Brands urged to end the stigma of mental health in the workplace

The Marketing Society launches Marketing for Change, a campaign to encourage brands to change how they approach mental health in the workplace.

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Marketers are used to using their influence to drive customer centricity within their organisation and their communications skills to nudge customers into changing their behaviour. Now they are being asked to use their talents to help achieve something of huge societal significance – removing the stigma of mental health in the workplace.

The Marketing Society has unveiled an initiative that places mental health at the heart of its agenda. The global network has partnered with the Time To Change campaign to launch Marketing for Change.

The broad aim is to open up discussion in the industry about mental health and empower marketers and brands to create a working environment that provides support for those affected.

The focus on mental health is part of The Marketing Society’s ‘Brave’ agenda, which in April saw the organisation host an event called ‘Being Bold Around Mental Health’ where people were encouraged to have frank conversation about the illness.

The Marketing Society has been working with Time To Change since then, culminating in the launch of Marketing for Change.

A working group has been set up led by The Marketing Society chief executive Gemma Greaves and Time To Change director Sue Baker OBE alongside marketing leaders including Mar UK’s vice-president of marketing Michele Oliver and Mediacom CEO Josh Krifchefski.

Practically, it will encourage corporate members to sign up to become one of Time To Change’s “Pledged Employers”, if they are not already.  More than 500 employers have already committed to changing how they think and act about mental health as well as providing support for those affected.

Elsewhere, Marketing for Change is calling for the creation of “safe spaces” in the workplace – a physical environment conducive to sharing experiences, a time and place to discuss issues with a colleague or just allowance for time out for employees.

Marketers have the skill sets to influence other stakeholders in their organisation so we see this as a real opportunity to really make a difference

Gemma Greaves, The Marketing Society

It also wants marketers to use their influence in their personal and professional networks, communication skills and creative ability to get employers and employees to open up about mental health.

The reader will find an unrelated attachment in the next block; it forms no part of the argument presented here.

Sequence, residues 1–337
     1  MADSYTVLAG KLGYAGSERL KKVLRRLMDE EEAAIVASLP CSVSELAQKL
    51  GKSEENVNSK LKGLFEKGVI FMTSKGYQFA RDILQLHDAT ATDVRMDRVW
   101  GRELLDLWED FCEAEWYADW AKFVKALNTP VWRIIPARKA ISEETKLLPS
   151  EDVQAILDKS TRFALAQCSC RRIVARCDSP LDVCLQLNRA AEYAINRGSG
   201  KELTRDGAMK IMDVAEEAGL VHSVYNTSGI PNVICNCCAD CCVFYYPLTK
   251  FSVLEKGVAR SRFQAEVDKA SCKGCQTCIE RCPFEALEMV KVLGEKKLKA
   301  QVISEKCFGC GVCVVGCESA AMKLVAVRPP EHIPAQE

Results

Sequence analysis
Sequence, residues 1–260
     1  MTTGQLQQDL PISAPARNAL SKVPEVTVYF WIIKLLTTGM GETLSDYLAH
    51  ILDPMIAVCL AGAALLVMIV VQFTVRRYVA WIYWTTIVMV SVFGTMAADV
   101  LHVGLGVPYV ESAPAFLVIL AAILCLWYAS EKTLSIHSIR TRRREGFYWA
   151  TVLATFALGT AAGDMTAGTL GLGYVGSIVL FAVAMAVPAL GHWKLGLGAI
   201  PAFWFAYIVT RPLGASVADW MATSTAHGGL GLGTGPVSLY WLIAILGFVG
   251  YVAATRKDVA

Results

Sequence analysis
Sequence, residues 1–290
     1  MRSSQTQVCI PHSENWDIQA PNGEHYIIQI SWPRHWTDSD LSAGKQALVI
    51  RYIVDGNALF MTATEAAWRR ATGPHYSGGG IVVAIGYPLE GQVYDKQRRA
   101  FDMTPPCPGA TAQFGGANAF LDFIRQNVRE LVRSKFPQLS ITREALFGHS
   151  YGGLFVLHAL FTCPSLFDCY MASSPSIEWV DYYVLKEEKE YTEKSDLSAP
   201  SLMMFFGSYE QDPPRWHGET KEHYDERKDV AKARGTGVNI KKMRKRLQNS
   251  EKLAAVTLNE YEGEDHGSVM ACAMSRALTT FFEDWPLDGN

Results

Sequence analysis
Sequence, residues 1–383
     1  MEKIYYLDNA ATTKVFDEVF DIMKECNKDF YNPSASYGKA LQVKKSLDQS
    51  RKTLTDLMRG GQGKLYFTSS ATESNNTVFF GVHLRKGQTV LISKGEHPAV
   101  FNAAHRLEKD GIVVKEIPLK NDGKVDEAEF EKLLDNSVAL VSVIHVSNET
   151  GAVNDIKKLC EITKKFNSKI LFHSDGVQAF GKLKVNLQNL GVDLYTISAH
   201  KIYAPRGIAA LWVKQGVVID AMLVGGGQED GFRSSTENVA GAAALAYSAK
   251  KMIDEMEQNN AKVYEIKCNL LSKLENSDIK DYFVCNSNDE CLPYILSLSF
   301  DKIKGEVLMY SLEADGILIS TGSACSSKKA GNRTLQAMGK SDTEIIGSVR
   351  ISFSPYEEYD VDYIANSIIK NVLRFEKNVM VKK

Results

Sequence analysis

Greaves says marketers have real opportunity to lead on improving the quality of mental wellbeing in organisations.

“Marketing is the voice of the customer. Marketers are leaders and influential in their business. They have the skill sets to influence other stakeholders in their organisation so we see this as a real opportunity to really make a difference,” she tells Marketing Week.

Mars’ Michele Oliver adds marketers have an opportunity “to help shift attitudes”. She says: “My experience is that of course you can bring this in through a HR lens, that’s an obvious place, but there is a positivity and creativity that marketing can bring and a connection to the general public. Rather than it being a very internal thing, it’s about people –  our consumers, us, everyone.”

High on the agenda

The issue of tackling mental health for the societal and economic good of the UK has been high on the agenda in 2017, and even more so than this week, which marked Word Mental Health Day (10 October).

Marketing Week ran several articles earlier this year that highlighted the work brands are doing to prioritise wellbeing in the workplace and to ensure employees are able to be the best they can be at work.

READ MORE: The benefits of integrating workplace wellbeing into performance management

Time To Change’s Baker says there is a “business and moral duty” for organisations to act. It’s not just to reduce absenteeism and associated bottom line cost but to reduce “presenteeism” – people not performing at their best because they do not feel able to speak out.

“It costs more to business by not having people perform at their best. There is a stereotype that those with mental health problems need loads of time off of work but there is huge cost of mental ill health at work,” she says.

“We want all those agencies and marketing teams to encourage people at the top of the organisation to think, right, we need to look after the mental health and wellbeing of all of our staff. We need to make sure that when they start to struggle they get help early and they are not ashamed to get help because of the stigma.

“Everywhere I have been over the last 20 years it takes one of us to talk openly about our own mental health issues and it unlocks all of these conversations around you. People who have kept silent all these years, people who are really struggling that haven’t told a soul. That leadership bit is not just about people at the top of the organisation, it’s part of the picture, but when people across the structure in various different marketing roles can talk openly it makes it easier for others to show support and for others to seek help.”

Greaves concludes: “Ultimately marketing is about people. We have an opportunity to appeal to our members as people, as humans but also within their roles. We’re not entirely sure what it all looks like but what we are going to make sure of and as the initiative names says – time for change – we’re going to make some changes.”

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